Last month, KPCB’s Mary Meeker presented KPCB’s 2015 Internet Trends report and what a treasure trove it is.

One trend that Meeker commented on was the “re-imagining of enterprise computing” which is now “changing business process one segment at a time”. The unsaid message is that the way enterprise computing has been imagined (as a suite of integrated applications across many business activities and processes) is no longer fit for purpose.

The fact is that an increasing number of new innovative software companies are taking a fresh look at core business processes and are transforming the nature of work itself. Ask yourself; How did you manage your files before Dropbox? How did you collaborate before Slack?  How did you coordinate projects before Asana or Basecamp? How did you know what was happening in your professional network before LinkedIn?

Twitter Aaron Levie

Most of the talent management technology in use today was conceived for the management and organizational imperatives of the 20th century. The principles of FW Taylor and Scientific Management still run through these talent management suites and they assume:

  • Jobs, roles, skills and motivations can be standardised
  • People will be in a job for life
  • Mangers actually know what skills they need and have
  • People work in a hierarchy
  • The talent they need is only inside the organization (or that it can somehow be ‘acquired’)
  • The organization must own all the data – even that volunteered by its own people
  • The organization’s data security is more important than the employee’s data privacy
  • People learn when they are trained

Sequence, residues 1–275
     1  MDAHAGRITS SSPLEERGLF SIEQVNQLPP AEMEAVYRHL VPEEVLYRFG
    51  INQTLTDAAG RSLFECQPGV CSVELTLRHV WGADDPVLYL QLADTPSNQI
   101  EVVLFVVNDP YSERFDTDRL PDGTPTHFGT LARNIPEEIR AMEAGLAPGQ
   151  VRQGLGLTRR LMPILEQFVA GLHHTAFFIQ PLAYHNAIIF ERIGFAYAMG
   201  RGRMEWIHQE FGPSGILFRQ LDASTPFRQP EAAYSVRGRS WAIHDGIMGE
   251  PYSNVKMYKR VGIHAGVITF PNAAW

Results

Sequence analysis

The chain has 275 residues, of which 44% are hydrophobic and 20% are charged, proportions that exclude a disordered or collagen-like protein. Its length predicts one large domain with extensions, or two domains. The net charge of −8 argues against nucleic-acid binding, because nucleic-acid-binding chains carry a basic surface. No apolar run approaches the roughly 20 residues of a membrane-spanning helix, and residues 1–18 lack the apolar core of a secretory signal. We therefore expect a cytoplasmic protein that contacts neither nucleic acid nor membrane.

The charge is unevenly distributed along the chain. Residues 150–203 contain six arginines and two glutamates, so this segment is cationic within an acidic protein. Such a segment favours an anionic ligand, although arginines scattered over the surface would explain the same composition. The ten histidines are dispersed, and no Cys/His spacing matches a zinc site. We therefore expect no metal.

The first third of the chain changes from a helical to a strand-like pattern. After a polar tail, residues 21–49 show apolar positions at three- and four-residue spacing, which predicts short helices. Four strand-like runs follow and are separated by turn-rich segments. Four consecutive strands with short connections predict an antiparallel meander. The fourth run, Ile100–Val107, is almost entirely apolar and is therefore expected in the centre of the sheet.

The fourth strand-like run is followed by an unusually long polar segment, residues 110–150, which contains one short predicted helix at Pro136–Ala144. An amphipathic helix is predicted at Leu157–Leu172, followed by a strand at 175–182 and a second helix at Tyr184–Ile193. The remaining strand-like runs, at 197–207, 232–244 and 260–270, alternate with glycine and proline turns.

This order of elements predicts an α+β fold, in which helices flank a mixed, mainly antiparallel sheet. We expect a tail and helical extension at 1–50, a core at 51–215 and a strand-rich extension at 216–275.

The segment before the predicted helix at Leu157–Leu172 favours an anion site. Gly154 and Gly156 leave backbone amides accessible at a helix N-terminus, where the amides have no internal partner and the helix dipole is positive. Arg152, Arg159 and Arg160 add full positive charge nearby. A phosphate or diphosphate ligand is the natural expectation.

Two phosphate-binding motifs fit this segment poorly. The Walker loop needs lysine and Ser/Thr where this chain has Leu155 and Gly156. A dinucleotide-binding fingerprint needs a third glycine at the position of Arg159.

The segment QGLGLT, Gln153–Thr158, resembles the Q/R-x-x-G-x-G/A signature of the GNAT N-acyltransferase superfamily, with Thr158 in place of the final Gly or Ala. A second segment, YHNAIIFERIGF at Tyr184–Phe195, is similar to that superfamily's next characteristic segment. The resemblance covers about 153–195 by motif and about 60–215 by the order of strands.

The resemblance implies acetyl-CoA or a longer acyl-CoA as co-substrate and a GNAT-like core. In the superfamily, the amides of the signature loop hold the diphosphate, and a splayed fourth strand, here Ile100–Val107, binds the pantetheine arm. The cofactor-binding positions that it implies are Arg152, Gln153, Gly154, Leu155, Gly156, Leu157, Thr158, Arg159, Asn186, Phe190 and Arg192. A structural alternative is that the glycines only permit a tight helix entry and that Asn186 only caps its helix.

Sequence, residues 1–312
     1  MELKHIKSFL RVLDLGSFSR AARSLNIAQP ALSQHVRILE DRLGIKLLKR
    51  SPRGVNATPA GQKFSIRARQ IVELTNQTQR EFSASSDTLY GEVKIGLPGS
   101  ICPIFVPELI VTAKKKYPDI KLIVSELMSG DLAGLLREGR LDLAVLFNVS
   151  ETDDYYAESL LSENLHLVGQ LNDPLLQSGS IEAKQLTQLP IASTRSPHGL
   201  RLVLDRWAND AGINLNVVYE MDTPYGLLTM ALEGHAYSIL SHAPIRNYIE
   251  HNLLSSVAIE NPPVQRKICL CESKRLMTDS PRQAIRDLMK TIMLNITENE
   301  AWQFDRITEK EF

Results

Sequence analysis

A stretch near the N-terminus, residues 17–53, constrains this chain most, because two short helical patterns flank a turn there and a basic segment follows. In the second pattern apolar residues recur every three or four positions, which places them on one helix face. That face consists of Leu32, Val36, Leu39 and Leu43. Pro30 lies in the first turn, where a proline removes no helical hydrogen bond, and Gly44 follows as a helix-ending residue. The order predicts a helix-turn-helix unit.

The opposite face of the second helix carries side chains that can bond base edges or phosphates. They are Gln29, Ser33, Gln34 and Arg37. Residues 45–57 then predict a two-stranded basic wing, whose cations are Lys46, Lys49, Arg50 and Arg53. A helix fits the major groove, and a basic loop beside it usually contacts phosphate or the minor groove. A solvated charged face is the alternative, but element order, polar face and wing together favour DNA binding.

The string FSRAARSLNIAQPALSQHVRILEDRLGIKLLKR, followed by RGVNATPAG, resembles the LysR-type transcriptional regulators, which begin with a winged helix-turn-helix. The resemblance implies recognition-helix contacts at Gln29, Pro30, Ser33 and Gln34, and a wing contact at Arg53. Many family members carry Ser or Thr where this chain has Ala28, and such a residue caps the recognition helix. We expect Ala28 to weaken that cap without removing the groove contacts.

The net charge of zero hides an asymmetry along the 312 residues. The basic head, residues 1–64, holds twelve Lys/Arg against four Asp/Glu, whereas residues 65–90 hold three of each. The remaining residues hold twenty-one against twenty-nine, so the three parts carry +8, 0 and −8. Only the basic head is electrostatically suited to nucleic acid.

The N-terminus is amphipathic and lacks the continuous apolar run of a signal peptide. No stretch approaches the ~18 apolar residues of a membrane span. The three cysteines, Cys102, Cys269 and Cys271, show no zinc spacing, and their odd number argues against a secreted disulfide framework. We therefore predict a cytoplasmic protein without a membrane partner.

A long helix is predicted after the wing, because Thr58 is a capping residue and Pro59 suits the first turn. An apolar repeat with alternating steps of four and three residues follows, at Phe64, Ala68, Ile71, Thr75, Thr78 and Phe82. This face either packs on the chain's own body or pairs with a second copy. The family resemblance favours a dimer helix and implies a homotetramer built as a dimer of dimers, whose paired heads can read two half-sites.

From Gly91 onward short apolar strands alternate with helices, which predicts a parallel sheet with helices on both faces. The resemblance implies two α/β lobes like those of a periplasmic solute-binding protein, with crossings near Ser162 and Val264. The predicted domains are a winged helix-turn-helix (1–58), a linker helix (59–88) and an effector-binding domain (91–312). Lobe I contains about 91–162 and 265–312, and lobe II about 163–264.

• Performance reviews actually impact performance
  • Engagement can be coerced

This is all patent nonsense. Organizations have moved on; their employees have moved on; society has moved on; technology has moved on; and yet the existing talent management platforms continue to promote an approach to the talent lifecycle that is, except for a few very narrow business processes, low value at best.  While the war for talent rumbles on its essence has changed fundamentally but the tools have not.

I don’t blame the existing vendors for the situation they find themselves in (and for complete disclosure I was involved in the building of these platforms over the last 15 years). But like many industries before, their products have become bloated, slow to evolve and clumsy to use as they seek to be everything to everyone. Talent management platforms are expensive to buy and implement, and inherently political as they rely upon aligning the support of a wide range of stakeholders.  Talent management is showing the characteristics of an industry ripe for disruption.

In a previous blog post I spoke about the unbundling of talent management and identified some amazing start-ups who are taking a fresh look at discrete elements of the talent management life cycle.

People have asked me whether all these start-up or their VC backers will make money? The answer, of course, is ‘no not ALL of them.’ But by the entrepreneurial act of “re-imagining” enterprise talent management they are providing the tools needed to fight today’s war.

To see what the future of talent management will look like check out TeamFit.